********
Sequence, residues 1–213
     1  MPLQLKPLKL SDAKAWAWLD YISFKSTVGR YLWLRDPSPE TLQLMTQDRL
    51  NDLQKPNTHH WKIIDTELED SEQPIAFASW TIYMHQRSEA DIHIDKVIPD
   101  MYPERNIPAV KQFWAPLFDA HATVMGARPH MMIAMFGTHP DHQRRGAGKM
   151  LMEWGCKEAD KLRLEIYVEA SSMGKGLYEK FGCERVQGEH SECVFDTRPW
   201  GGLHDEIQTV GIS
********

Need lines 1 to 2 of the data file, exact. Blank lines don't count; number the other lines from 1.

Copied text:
Sequence, residues 1–213
     1  MPLQLKPLKL SDAKAWAWLD YISFKSTVGR YLWLRDPSPE TLQLMTQDRL